Last Update: 9/28/05 (Transmittal I-2-68)
An ALJ may need to obtain an ME's opinion, either in testimony at a hearing or in responses to written interrogatories, when:
the ALJ is determining whether a claimant's impairment(s) meets a listed impairment(s);
the ALJ is determining the usual dosage and effect of drugs and other forms of therapy;
the ALJ is assessing a claimant's failure to follow prescribed treatment;
the ALJ is determining the degree of severity of a claimant's physical or mental impairment;
the ALJ has reasonable doubt about the adequacy of the medical record in a case, and believes that an ME may be able to suggest additional relevant evidence;
the medical evidence is conflicting or confusing, and the ALJ believes an ME may be able to clarify and explain the evidence or help resolve a conflict;
the significance of clinical or laboratory findings in the record is not clear, and the ALJ believes an ME may be able to explain the findings and assist the ALJ in assessing their clinical significance;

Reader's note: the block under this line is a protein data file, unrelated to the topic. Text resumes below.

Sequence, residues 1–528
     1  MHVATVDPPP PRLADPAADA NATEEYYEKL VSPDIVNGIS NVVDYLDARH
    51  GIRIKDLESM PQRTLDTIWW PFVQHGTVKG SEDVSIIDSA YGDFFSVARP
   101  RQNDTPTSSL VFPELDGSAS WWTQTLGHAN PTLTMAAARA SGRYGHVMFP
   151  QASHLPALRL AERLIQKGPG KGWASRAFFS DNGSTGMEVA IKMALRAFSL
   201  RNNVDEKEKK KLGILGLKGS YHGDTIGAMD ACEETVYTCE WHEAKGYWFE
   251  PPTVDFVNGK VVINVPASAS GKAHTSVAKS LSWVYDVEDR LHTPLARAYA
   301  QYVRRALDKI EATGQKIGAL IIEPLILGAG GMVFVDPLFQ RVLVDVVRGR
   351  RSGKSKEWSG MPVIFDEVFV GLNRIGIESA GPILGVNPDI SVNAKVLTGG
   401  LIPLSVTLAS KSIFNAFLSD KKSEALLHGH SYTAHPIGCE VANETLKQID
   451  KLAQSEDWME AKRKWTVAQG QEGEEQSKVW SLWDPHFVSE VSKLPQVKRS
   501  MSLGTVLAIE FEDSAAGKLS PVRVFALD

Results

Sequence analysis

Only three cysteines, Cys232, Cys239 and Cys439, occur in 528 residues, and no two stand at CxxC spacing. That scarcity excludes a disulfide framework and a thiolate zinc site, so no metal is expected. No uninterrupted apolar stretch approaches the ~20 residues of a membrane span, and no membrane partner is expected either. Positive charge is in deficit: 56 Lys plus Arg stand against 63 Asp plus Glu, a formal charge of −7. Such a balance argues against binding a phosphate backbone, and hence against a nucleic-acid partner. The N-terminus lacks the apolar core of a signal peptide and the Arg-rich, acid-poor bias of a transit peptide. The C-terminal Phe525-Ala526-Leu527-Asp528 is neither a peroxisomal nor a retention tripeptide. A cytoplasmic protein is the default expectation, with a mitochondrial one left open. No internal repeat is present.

the ALJ is determining the claimant's residual functional capacity, e.g., the ALJ may ask the ME to explain or clarify the claimant's functional limitations and abilities as established by the medical evidence of record;
the ALJ has a question about the etiology or course of a disease and how it may affect the claimant's ability to engage in work activities at pertinent points in time, e.g., the ALJ may ask the ME to explain the nature of an impairment and identify any medically contraindicated activities; or
the ALJ desires expert medical opinion regarding the onset of an impairment.
The ALJ must obtain an ME's opinion, either in testimony at a hearing or in responses to written interrogatories:
When the Appeals Council or a court so orders.
To evaluate and interpret background medical test data. (See I-2-5-14 D., Medical Test Data.)
When the ALJ is considering a finding that the claimant's impairment(s) medically equals a medical listing.